In which a group of graying eternal amateurs discuss their passions, interests and obsessions, among them: movies, art, politics, evolutionary biology, taxes, writing, computers, these kids these days, and lousy educations.

E-Mail Donald
Demographer, recovering sociologist, and arts buff

E-Mail Fenster
College administrator and arts buff

E-Mail Francis
Architectural historian and arts buff

E-Mail Friedrich
Entrepreneur and arts buff
E-Mail Michael
Media flunky and arts buff

We assume it's OK to quote emailers by name.

Try Advanced Search

  1. Seattle Squeeze: New Urban Living
  2. Checking In
  3. Ben Aronson's Representational Abstractions
  4. Rock is ... Forever?
  5. We Need the Arts: A Sob Story
  6. Form Following (Commercial) Function
  7. Two Humorous Items from the Financial Crisis
  8. Ken Auster of the Kute Kaptions
  9. What Might Representational Painters Paint?
  10. In The Times ...

Sasha Castel
AC Douglas
Out of Lascaux
The Ambler
Modern Art Notes
Cranky Professor
Mike Snider on Poetry
Silliman on Poetry
Felix Salmon
Polly Frost
Polly and Ray's Forum
Stumbling Tongue
Brian's Culture Blog
Banana Oil
Scourge of Modernism
Visible Darkness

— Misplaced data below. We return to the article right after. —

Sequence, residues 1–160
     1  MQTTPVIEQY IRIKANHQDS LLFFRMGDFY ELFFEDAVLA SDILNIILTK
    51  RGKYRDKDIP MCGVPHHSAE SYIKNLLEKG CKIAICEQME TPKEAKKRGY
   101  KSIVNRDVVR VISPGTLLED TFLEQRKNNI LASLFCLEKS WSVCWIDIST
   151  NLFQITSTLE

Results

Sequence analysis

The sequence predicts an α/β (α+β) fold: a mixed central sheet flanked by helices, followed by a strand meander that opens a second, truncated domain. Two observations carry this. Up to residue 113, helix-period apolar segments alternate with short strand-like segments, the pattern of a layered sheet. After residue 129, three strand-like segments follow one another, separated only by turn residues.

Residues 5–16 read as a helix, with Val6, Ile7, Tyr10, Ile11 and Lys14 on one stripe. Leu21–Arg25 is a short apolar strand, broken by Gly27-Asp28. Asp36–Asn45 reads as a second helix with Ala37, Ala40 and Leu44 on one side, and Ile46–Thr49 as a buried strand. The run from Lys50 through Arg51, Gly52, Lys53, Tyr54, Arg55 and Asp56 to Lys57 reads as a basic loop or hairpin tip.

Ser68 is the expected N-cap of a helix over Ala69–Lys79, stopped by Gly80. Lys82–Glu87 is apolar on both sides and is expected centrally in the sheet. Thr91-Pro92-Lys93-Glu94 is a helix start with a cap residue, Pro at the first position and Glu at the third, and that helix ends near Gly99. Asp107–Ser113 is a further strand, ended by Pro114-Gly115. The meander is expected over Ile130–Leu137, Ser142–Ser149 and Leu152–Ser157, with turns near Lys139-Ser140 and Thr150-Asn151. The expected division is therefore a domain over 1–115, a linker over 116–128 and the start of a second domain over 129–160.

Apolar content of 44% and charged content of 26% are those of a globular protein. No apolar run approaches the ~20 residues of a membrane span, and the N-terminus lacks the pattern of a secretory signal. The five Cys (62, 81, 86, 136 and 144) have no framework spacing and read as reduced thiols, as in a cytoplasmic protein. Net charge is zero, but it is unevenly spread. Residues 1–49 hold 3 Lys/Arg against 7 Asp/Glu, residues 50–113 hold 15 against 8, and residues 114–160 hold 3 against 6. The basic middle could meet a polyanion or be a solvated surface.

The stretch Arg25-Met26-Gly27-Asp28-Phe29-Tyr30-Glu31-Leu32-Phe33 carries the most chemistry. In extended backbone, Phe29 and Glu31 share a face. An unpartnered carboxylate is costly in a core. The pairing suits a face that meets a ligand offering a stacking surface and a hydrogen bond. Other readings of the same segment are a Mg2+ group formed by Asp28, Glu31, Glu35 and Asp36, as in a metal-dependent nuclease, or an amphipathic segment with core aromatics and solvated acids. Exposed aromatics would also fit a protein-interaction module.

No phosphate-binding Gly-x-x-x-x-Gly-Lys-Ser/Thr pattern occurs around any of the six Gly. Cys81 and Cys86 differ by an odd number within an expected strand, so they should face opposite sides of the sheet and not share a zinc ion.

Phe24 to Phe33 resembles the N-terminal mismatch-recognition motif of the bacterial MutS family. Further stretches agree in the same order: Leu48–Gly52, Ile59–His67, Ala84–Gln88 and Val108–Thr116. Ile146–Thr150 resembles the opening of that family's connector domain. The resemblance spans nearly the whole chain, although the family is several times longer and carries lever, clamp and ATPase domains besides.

Thomas Hobbs
Blog Lodge
Leibman Theory
Goliard Dream
Third Level Digression
Here Inside
My Stupid Dog
W.J. Duquette

Politics, Education, and Economics Blogs
Andrew Sullivan
The Corner at National Review
Steve Sailer
Joanne Jacobs
Natalie Solent
A Libertarian Parent in the Countryside
Rational Parenting
Colby Cosh
View from the Right
Pejman Pundit
God of the Machine
One Good Turn
Liberty Log
Daily Pundit
Catallaxy Files
Greatest Jeneration
Glenn Frazier
Jane Galt
Jim Miller
Limbic Nutrition
Innocents Abroad
Chicago Boyz
James Lileks
Cybrarian at Large
Hello Bloggy!
Setting the World to Rights
Travelling Shoes

Redwood Dragon
The Invisible Hand
Daze Reader
Lynn Sislo
The Fat Guy
Jon Walz


Our Last 50 Referrers

« Airliner Boarding Fixes | Main | Nonlinear Storytelling »

November 07, 2005

One Size Doesn't Fit All

Friedrich von Blowhard writes:

Dear Blowhards: